University researchers use science of light to reduce pesticides used to protect crops from pests and diseases

Experts at two Midlands universities are starting a new project to develop a photonic ‘nose’ to monitor crops for pest infestations and plant disease.  

Aston University collaborates with Harper Adams University to research and develops technology using light to monitor crop health.

According to the Food and Agriculture Organization of the United Nations, annually, up to 40 percent of global crop production is lost to pests. Each year, plant diseases cost the global economy over $220 billion, and invasive insects at least $70 billion.

The Midlands-based research will be using strawberries to test the new technology. The fruit is worth £350 million to the UK economy, but it is vulnerable to potato aphid, which has the potential to wipe out an annual harvest.[1]

Currently, crops are treated with pesticides, but there’s increasing pressure to find alternatives due to the environmental impact.

One method is to use integrated pest management (IPM) to create an early warning system. It monitors plants for the build-up of insects and diseases rather than spraying plants with chemicals, but so far, it’s proven unreliable and expensive.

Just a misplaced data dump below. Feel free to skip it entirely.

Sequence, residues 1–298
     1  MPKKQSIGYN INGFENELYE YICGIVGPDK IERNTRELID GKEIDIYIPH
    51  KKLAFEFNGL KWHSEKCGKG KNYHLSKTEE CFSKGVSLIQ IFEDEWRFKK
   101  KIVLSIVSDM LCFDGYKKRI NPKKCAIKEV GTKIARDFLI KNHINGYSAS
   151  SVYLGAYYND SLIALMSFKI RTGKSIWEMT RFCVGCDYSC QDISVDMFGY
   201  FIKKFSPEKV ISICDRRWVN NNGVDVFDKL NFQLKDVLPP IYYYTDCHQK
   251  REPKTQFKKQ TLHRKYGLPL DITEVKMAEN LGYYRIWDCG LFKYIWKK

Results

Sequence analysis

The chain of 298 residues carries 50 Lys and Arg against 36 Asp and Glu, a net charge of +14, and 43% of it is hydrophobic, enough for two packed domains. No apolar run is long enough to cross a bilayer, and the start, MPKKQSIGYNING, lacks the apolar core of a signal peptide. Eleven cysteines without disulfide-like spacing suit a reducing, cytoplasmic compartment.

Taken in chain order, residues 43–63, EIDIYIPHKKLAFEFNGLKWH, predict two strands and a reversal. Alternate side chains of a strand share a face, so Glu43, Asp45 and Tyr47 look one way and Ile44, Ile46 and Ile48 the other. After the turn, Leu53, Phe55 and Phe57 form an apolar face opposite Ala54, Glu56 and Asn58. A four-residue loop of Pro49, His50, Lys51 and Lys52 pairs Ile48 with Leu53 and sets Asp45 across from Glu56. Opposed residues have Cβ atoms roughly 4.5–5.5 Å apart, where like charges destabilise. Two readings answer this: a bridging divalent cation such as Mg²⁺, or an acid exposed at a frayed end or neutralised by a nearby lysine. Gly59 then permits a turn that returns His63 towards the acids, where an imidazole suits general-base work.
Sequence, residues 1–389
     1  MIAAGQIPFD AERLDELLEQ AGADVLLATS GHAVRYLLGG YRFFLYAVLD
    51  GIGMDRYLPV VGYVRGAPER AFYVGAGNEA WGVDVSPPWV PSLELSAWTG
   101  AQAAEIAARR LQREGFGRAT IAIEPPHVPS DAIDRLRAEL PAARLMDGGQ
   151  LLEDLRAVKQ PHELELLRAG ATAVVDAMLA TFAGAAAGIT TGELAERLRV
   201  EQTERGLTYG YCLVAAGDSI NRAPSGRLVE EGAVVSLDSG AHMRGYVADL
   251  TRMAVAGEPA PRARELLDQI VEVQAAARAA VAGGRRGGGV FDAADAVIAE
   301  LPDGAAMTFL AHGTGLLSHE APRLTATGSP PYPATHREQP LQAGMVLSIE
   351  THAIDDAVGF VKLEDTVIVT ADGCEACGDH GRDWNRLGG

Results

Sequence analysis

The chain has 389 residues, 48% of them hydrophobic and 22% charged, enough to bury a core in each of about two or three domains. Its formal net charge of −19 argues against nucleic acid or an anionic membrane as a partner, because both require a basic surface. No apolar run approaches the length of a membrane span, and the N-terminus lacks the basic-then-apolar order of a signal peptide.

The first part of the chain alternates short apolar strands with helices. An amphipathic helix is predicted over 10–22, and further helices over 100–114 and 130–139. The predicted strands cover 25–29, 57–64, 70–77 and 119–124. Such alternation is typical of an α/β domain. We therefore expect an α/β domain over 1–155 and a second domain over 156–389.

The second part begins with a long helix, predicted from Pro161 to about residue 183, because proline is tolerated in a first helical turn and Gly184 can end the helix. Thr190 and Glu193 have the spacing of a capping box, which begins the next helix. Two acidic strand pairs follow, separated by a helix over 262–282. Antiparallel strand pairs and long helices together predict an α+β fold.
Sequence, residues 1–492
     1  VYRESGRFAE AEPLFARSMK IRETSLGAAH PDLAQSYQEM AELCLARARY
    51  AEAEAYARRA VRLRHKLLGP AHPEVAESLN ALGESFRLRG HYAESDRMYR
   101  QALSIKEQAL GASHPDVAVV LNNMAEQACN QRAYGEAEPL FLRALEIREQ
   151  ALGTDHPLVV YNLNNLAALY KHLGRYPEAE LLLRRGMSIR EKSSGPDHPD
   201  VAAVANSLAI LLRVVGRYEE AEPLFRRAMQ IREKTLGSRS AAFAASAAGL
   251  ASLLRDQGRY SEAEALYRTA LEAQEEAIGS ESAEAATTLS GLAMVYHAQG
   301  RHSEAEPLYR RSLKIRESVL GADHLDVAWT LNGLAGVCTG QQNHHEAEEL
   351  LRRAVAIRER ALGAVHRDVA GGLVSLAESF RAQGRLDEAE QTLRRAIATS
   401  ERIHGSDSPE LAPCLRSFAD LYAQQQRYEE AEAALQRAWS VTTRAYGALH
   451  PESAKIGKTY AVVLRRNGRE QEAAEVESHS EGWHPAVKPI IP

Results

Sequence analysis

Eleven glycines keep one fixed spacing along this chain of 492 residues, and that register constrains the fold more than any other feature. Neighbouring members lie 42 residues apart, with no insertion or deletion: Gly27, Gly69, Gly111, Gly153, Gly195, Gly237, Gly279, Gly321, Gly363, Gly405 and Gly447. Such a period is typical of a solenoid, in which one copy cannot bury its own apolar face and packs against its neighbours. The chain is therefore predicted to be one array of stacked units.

The new project uses recent developments in photonics technology that can analyze low levels of volatile organic compounds (VOCs) emitted by plants, which indicate their health. This is coupled with machine learning hardware which makes it practical to use artificial intelligence in commercial settings.

Professor David Webb of Aston Institute of Photonic Technologies (AIPT) said: “Better invertebrate pest and plant disease monitoring technologies will significantly help cut crop losses.

“However most electronic noses use electrochemical sensors, which suffer from sensitivity issues, sensor drift/aging effects, and lack specificity.

“We intend to address this by building on the fast-moving technology of photonics - the science of light - while collaborating with scientists in other disciplines.”

The 12-month project is to receive £200,000 from the Biotechnology and Biological Sciences Research Council (BBSRC) and the Natural Environment Research Council. The grant is the maximum amount given from their molecules to landscapes project, which funds interdisciplinary solutions to ‘real world’ challenges.

Dr. Joe Roberts from Harper Adams University said: “With the projected increase in the global population, there is increasing pressure on the agricultural sector to achieve higher crop yields.

“Reducing crop losses within existing production systems will improve food security without increasing resource use.

“We intend to establish an interdisciplinary community of agricultural science, optical sensing, and machine learning experts to develop novel plant health monitoring platforms that enhance agricultural production through localized pest and disease monitoring to detect hotspots.”


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